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Consumer Behaviour - MAN00019I

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  • Department: The York Management School
  • Module co-ordinator: Prof. Kristian Myrseth
  • Credit value: 20 credits
  • Credit level: I
  • Academic year of delivery: 2020-21

Module summary

This module aims for the students to develop an understanding of:

  • Critical awareness of the importance of branding decisions in the broader marketing and organisational context
  • Systematic understanding of key elements of brand strategy analysis and development frameworks, e.g., those used to analyse brand equity, to develop brand positioning, to create successful brand extensions
  • Critical understanding of brand management issues of particular relevance in an international/global context, e.g., country-of-origin branding, foreign branding

Module will run

Occurrence Teaching cycle
A Autumn Term 2020-21

Module aims

This module aims for the students to develop an understanding of:

  • Consumer behaviour and its role in marketing and management

  • Basic and interdisciplinary principles that shape consumer behaviour 

  • Psychological science, including areas of social and cognitive psychology relevant to marketing

  • Consumer research methods.

Module learning outcomes

Subject content

  • Demonstrate understanding of consumer decision making and judgment

  • Appreciate interdisciplinary approaches to consumer behaviour

  • Demonstrate ability to evaluate and apply psychological principles (cognitive, social, and behavioral)

  • Successfully evaluate and develop managerial applications of principles of consumer behaviour

Academic and graduate skills

  • Ability to identify and evaluate systematic influences on consumer behaviour

  • Ability to apply principles of consumer behaviour strategically in marketing contexts

  • Ability to design and critically evaluate consumer choice architecture

  • Ability to interpret research on consumer behaviour

  • Ability to conduct research on consumer behaviour

Module content

Indicative lecture topics:

  • Perception

  • Choice architecture 

  • Hedonic judgment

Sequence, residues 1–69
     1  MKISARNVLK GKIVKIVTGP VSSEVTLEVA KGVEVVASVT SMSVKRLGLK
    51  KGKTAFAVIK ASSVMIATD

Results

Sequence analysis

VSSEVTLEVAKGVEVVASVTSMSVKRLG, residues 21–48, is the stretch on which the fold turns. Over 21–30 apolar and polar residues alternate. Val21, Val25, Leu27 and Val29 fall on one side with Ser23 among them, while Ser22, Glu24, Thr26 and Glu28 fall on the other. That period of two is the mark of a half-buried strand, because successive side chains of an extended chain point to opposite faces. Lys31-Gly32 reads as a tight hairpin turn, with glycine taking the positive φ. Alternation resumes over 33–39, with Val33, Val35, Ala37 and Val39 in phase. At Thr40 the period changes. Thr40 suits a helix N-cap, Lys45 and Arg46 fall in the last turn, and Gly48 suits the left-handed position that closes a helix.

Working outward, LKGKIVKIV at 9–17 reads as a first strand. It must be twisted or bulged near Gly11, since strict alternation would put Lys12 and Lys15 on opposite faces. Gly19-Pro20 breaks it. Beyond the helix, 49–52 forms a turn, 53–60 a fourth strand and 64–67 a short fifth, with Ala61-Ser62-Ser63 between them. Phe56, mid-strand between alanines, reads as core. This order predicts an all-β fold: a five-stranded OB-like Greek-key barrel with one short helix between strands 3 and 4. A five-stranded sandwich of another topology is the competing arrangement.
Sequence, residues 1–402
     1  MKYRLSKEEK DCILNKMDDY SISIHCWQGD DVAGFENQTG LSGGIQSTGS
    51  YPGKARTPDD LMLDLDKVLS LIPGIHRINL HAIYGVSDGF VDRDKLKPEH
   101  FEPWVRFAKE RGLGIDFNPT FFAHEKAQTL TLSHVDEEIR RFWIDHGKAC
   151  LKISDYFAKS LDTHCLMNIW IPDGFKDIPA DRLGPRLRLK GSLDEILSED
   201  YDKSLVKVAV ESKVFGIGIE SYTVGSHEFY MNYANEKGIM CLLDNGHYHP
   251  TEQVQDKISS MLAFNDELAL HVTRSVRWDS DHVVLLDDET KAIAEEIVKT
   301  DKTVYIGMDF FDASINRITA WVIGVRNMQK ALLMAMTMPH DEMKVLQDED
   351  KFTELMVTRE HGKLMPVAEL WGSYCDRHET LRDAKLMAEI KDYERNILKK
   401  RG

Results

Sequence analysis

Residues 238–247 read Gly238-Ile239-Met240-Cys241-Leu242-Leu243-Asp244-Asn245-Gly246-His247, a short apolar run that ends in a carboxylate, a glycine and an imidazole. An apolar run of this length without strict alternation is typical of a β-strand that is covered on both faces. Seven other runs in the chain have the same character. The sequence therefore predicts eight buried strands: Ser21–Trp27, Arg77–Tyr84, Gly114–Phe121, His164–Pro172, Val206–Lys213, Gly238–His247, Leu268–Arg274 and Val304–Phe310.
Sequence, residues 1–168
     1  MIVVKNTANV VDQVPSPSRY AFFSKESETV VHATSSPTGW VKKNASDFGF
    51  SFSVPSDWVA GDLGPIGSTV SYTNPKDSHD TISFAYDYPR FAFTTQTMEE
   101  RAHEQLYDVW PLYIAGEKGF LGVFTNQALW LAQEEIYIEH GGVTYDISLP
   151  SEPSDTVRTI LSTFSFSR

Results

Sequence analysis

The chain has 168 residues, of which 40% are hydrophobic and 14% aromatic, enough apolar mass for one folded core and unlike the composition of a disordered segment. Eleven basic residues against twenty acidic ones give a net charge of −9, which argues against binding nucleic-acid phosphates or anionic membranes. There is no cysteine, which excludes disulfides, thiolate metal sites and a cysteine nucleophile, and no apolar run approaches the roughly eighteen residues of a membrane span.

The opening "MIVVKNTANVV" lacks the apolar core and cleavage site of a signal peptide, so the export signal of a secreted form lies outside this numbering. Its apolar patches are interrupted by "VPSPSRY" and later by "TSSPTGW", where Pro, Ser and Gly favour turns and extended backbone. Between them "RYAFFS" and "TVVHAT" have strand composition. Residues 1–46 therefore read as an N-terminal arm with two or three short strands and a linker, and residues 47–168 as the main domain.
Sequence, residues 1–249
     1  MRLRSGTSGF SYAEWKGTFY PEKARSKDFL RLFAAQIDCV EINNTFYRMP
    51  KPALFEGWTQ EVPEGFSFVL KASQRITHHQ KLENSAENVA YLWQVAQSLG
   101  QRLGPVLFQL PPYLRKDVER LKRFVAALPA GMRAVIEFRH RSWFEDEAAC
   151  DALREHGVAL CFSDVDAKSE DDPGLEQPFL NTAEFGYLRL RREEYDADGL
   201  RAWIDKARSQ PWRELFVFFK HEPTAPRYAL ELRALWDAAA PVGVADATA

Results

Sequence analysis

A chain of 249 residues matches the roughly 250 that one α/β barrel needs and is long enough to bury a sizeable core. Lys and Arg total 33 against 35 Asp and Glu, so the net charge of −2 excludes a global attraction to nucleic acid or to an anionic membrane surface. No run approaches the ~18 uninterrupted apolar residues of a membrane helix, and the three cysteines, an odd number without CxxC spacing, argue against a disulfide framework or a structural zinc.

• Emotions

  • Temptation and self-control 

  • Social cognition and social influence

  • Cultural differences (and similarities) – social and cultural aspects of consumption

  • Pricing tactics

Assessment

Task Length % of module mark
Essay/coursework
2000 word Individual Essay
N/A 80
Oral presentation/seminar/exam
Group Work
N/A 20

Special assessment rules

None

Reassessment

Task Length % of module mark
Essay/coursework
Individual Essay
N/A 100

Module feedback

Group work: 

Students will receive written feedback on each of the three submissions. Feedback will be timed as follows: feedback for the first group work will be provided prior to the deadline of the second submission; feedback for the second will be provided prior the deadline of the third submission, and feedback for the third will be provided prior to the deadline of the individual essay. Feedback will address (1) quality of argument, (2) quality of exposition, and (3) application/analysis of key concepts.

Individual essay:

Students will receive written feedback on the individual essay. Feedback will address (1) quality of argument, (2) quality of exposition, and (3) application/analysis of key concepts. 

The module will provide feedback within School-mandated timeframes.

Indicative reading

Useful textbooks

  • Kahneman, D. (2011). Thinking Fast and Slow. London: Penguin Group. 

  • Thaler, R. H., & Sunstein, C. R. (2009). Nudge: Improving Decisions about Health, Wealth and Happiness. London: Penguin.

  • Solomon, M. R. (2015). Consumer Behaviour. Global Edition 11th edition. London: Pearson.

Useful Journals

  • Journal of Consumer Psychology

  • Journal of Consumer Research

  • Journal of Marketing

  • Journal of Marketing Research

  • Harvard Business Review

  • California Management Review

  • MIT Sloan Management Review



The information on this page is indicative of the module that is currently on offer. The University is constantly exploring ways to enhance and improve its degree programmes and therefore reserves the right to make variations to the content and method of delivery of modules, and to discontinue modules, if such action is reasonably considered to be necessary by the University. Where appropriate, the University will notify and consult with affected students in advance about any changes that are required in line with the University's policy on the Approval of Modifications to Existing Taught Programmes of Study.

Coronavirus (COVID-19): changes to courses

The 2020/21 academic year will start in September. We aim to deliver as much face-to-face teaching as we can, supported by high quality online alternatives where we must.

Find details of the measures we're planning to protect our community.

Course changes for new students